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Also keep in mind that home and renters insurance policies have sublimits on some personal possessions. For example, you may have a $1,500 reimbursement limit for stolen jewelry. That means if your storage unit is overflowing with antiques, jewelry, or other valuables, you may want to purchase a timed personal property endorsement. This additional coverage ensures that your most prized possessions are insured for their full value.

Taking an inventory of your belongings will help you determine if you have enough storage unit insurance.

Independent Storage Unit Insurance

In some cases, separate storage unit policies may provide extended coverage not found in your homeowners or commercial insurance policy. For example, Orange Door Storage Insurance policies cover vermin and fungus damage up to $250. It also covers water damage such as flooding.

If you have homeowners (or renters) insurance and a storage unit, which is activated first for a claim? Self contained storage unit insurance is usually primary, meaning you make a claim first. But check your policy language to confirm.

Another advantage of a self-contained storage unit insurance policy that has primary coverage: Claims are not included in the record of homeowners or business insurance claims. This prevents a homeowners or business insurance rate increase due to a claim.

Most storage companies require storage unit insurance, but some don’t tell unit renters that they need proof of insurance coverage until the day they start renting. New renters may feel pressured to purchase rental storage facility coverage and are unable to compare other options.

With this in mind, it’s best to compare your options before purchasing storage unit insurance. Talk to your current homeowners or renters insurance company to see what is covered, and then determine if you need supplemental coverage.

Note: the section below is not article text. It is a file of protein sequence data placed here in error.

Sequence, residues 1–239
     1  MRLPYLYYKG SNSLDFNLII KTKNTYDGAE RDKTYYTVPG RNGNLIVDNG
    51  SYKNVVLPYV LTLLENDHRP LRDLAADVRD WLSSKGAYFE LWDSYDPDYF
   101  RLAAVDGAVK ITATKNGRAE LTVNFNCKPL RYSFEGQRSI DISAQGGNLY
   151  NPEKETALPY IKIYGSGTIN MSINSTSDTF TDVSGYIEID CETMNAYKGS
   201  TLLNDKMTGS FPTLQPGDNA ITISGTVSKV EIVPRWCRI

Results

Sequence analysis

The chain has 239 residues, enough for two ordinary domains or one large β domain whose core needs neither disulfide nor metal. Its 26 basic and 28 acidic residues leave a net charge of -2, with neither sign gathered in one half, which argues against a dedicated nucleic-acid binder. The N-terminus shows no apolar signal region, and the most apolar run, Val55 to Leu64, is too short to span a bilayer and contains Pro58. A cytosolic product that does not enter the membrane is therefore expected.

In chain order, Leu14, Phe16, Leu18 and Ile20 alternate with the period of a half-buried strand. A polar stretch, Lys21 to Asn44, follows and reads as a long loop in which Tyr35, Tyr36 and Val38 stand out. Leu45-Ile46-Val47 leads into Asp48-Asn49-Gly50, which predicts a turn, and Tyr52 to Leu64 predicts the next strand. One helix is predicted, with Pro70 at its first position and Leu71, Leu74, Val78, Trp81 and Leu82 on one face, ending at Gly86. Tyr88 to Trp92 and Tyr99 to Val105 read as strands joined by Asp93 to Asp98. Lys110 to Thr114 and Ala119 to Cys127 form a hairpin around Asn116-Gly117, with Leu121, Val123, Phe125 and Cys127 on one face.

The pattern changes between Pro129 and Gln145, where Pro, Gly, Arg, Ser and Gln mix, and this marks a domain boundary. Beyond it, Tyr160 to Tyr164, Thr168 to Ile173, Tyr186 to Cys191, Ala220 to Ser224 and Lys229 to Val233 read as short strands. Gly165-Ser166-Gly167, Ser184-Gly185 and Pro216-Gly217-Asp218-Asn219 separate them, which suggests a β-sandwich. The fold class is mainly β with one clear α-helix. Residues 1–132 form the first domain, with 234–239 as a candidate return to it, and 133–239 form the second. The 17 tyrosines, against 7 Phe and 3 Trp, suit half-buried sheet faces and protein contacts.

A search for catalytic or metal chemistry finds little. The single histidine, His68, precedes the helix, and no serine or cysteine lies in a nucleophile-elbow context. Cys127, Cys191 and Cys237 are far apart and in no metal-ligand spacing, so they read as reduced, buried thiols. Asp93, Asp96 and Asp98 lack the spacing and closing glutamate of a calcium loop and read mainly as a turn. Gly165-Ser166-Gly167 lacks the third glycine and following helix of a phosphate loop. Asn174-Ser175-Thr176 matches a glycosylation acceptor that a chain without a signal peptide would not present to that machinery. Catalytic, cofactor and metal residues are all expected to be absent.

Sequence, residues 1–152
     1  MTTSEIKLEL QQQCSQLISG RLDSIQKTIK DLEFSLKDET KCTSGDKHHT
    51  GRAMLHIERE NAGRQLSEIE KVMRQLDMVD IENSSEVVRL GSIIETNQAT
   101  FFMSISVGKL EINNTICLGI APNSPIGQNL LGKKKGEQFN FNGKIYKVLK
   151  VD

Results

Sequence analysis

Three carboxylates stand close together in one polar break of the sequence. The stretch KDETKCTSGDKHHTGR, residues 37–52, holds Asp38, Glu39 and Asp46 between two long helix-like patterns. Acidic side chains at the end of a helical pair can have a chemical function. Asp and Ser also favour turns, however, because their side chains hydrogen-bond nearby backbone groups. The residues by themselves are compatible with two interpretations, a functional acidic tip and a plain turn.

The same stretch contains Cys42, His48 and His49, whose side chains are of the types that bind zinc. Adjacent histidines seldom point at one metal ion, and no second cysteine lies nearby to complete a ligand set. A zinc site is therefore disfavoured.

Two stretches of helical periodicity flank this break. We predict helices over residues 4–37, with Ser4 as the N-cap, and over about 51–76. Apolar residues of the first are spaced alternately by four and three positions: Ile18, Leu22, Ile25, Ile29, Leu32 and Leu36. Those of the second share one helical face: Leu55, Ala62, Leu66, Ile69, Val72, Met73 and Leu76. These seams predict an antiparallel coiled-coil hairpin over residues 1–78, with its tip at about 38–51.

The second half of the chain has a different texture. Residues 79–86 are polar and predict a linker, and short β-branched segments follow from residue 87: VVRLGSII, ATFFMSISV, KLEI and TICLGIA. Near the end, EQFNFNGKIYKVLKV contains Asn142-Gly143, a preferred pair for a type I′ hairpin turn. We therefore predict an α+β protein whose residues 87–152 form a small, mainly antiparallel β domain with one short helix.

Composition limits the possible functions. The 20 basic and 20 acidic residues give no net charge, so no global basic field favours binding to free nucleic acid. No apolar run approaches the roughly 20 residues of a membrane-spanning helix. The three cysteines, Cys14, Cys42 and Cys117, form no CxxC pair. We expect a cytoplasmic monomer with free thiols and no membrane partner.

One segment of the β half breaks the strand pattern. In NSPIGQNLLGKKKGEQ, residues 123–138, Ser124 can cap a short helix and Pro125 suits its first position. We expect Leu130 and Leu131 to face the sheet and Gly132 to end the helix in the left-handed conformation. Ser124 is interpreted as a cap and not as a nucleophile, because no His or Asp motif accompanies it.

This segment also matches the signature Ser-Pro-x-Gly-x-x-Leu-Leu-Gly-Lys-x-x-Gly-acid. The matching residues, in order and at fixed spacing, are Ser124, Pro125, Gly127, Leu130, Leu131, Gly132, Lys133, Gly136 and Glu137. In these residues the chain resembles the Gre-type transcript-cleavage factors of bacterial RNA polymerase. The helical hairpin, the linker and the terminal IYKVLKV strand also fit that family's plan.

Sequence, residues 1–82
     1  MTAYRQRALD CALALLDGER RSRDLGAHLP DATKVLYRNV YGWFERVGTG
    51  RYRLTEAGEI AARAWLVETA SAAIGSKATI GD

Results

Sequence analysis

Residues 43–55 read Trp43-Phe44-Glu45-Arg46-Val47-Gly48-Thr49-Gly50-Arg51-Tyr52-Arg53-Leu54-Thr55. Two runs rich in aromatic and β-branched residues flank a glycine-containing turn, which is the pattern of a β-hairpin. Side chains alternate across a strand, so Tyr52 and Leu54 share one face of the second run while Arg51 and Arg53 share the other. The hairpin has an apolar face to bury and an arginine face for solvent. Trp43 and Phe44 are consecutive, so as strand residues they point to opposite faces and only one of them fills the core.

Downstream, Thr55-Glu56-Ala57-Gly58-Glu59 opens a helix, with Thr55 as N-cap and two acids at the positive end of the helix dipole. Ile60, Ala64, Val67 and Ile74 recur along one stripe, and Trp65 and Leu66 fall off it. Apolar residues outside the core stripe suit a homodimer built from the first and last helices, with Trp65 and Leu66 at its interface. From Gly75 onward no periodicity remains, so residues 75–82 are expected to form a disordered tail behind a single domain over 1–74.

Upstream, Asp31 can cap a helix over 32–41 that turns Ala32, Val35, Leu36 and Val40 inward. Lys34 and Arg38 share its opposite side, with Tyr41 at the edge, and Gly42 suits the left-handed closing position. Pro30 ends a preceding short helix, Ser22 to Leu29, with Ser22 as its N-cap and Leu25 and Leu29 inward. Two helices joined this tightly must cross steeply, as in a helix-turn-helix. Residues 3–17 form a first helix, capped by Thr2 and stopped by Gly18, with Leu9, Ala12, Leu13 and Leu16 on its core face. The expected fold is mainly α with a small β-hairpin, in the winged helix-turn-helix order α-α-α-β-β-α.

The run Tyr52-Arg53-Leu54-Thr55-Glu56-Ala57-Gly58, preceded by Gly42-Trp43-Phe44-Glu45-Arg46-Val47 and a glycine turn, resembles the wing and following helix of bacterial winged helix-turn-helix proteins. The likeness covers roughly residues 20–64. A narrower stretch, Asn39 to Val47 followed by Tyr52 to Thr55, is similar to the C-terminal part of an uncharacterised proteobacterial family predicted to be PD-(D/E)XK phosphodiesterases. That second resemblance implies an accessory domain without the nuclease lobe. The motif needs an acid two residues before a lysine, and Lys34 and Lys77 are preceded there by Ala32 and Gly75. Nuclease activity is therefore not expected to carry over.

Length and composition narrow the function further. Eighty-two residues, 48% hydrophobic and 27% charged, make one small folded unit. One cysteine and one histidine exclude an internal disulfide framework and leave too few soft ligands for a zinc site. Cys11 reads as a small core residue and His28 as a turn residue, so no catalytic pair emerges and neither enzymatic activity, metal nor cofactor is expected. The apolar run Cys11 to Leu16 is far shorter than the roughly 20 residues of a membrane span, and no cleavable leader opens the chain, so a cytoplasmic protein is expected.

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Who Needs Storage Unit Insurance?

Incidents such as thefts, arsons, and accidental fires can cause thousands of dollars in damage to a self-storage rental facility. If your unit gets caught in the crossfire, you could lose everything you’ve packed. To safeguard your valuables in a storage unit, you need adequate coverage to protect your belongings from damage or destruction.

Even if your storage unit has 24/7 surveillance and you catch a thief in the act, your stolen goods are unlikely to be recovered. Having storage unit insurance ensures that you can recover some of your losses.

If you decide to purchase rental storage facility insurance, be sure to review the policy carefully. Some storage facility policies have limitations. You’ll want to make sure you’re offered enough coverage to protect the items you’re storing at the value you think they’re worth. It is also important to understand what disasters are covered by the policy.